Ruins of pioneering madrassa unearthed in southeastern Turkey
Madrassa in ancient site of Harran belongs to 12th century, says archaeologist leading excavation
The ruins of a 12th-century madrassa (Islamic school) have been discovered in Turkey’s southeast, one of the world's oldest settlements on the UNESCO World Heritage Tentative List, said the archaeologist leading the dig.
Excavation work has been going on for eight years in the Harran settlement in the Sanliurfa province, Mehmet Onal, head of the Archeology Department at Harran University, told Anadolu Agency.
Harran, a onetime Assyrian and Umayyad capital located 44 kilometers (27 miles) southeast of the city of Sanliurfa near the Syrian border, was an important Mesopotamian trade center on a road running south to Nineveh in modern Iraq, and has been continuously inhabited since 6,000 B.C.
Saying that Harran is frequently mentioned in history books because it is one of the world’s oldest settlements, Onal added that during 2021 excavations, they found important remains such as a street, a monumental gate, and a madrassa.
“During the excavations, a madrassa was found, which we have determined with archaeological evidence that it belongs to the Zengid era,” said Onal.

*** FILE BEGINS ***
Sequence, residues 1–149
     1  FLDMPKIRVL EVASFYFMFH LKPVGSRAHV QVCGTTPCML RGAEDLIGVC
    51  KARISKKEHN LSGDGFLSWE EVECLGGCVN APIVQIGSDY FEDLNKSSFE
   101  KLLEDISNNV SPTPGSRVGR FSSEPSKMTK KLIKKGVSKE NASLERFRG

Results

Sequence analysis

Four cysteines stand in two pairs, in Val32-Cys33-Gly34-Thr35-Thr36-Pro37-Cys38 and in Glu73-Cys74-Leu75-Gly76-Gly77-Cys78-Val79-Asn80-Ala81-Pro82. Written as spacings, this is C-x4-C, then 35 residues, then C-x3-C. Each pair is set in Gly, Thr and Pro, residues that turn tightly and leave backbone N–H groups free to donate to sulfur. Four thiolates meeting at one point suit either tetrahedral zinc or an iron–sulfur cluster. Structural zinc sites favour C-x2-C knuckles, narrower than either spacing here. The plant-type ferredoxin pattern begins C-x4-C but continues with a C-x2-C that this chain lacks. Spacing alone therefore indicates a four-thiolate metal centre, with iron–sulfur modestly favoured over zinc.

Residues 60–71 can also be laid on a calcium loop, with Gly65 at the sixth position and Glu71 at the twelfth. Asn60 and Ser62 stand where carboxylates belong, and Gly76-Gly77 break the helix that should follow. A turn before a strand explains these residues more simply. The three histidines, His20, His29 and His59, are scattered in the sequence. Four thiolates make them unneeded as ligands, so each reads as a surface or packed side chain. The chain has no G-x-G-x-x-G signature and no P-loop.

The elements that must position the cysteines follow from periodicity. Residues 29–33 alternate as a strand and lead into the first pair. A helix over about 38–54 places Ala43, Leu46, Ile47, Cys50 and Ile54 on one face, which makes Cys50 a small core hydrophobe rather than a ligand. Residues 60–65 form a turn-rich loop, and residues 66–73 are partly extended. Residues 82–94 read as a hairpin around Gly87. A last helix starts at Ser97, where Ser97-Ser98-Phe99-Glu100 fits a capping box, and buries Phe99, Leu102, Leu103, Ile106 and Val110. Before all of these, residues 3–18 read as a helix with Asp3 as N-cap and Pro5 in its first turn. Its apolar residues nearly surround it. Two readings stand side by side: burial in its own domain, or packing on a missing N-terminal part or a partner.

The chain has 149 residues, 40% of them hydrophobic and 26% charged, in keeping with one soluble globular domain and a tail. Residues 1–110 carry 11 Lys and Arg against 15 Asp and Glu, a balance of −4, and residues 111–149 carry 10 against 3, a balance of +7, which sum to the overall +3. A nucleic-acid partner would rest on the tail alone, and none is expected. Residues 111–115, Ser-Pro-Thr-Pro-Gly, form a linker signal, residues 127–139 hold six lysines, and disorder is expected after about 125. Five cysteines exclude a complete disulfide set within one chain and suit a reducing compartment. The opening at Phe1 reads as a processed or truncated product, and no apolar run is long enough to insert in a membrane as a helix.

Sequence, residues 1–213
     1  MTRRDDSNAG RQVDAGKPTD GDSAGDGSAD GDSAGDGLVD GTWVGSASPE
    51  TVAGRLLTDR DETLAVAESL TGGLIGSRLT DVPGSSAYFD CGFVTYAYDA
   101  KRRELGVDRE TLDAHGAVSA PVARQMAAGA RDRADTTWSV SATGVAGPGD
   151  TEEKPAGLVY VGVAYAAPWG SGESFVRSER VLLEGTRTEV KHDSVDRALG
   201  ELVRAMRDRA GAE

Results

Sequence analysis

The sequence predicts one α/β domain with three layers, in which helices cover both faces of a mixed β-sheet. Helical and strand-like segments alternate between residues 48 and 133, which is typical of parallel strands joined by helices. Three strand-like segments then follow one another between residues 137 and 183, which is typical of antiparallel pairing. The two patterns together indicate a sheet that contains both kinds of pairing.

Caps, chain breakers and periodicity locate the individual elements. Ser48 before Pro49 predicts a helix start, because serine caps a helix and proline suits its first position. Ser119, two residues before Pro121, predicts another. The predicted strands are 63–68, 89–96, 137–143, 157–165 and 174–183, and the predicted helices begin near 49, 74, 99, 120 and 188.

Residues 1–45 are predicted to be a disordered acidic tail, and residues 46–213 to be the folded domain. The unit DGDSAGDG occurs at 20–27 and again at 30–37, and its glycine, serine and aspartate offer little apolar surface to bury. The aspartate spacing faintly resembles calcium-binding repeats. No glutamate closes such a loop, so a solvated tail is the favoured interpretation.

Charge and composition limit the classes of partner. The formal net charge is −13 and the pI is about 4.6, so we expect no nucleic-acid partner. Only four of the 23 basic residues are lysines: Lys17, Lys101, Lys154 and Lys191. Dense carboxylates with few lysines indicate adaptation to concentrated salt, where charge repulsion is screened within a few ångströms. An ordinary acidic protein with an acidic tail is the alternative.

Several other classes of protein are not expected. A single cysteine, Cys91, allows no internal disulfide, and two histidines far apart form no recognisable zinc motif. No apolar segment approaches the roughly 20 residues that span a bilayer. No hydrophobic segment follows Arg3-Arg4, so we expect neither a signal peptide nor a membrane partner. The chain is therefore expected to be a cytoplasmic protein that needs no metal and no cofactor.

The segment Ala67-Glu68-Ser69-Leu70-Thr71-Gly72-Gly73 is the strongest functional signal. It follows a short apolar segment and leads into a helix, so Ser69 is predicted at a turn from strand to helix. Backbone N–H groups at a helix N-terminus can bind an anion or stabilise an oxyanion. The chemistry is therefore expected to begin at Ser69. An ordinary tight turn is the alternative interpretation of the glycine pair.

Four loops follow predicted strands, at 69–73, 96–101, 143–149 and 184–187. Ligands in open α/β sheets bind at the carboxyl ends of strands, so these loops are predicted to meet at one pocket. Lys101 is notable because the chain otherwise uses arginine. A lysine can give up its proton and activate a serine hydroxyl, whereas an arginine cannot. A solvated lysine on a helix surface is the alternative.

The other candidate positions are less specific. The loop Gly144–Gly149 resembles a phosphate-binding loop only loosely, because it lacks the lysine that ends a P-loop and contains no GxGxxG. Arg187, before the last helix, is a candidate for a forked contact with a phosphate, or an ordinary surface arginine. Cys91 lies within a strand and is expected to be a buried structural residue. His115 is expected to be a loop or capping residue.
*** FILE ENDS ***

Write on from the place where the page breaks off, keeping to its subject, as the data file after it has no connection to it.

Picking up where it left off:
“Previously, it was known that Harran had five madrassas. This was the first time we came across one of these known madrassas of Harran.”
He said they have determined the structure had 24 rooms above ground, and have now completely exposed the monumental door of the madrassa with five rooms, and the portico partially, adding that there is also a kitchen next to those rooms with large stoves and a brick and clay oven.
“Another feature of the kitchen is there are many bones of sheep and goats inside the hearths and ovens. This shows us that food was prepared here and people here left the city in a rush, leaving the food on the stove without being eaten, as if thoroughly convinced that Mongols would take over the city.”
Onal said that they determined that the madrasa belongs to the 12th century and that they will learn more after excavations in the region are completed.
World’s first university
Cihat Koc, a local official in Harran, said the history of education in Harran dates back to 3,000 B.C., adding that studies were carried out in such fields as astronomy, mathematics, philosophy, and theology.
Harran is a place that pioneered science and scientific education, Koc said, adding: "With our work this year, we have unearthed the first of the five big madrassas, five big university campuses.
“The world's first university is at Harran. We are seriously working to uncover all the ruins of this university,” he underlined.
The first excavations in Harran began in 1950.
The site has been on UNESCO’s tentative list since 2000.
Harran is an important ancient city where trade routes from Iskenderun to Antakya (ancient Antioch) and Kargam were located, according to UNESCO’s website.
“The city is mentioned in the Holy Bible,” says the website.
“It is important not only for hosting early civilizations but it is the place where the first Islamic university was founded. The traditional civil architecture, mudbrick houses with conic roofs, are unique.”
* Writing by Seda Sevencan in Istanbul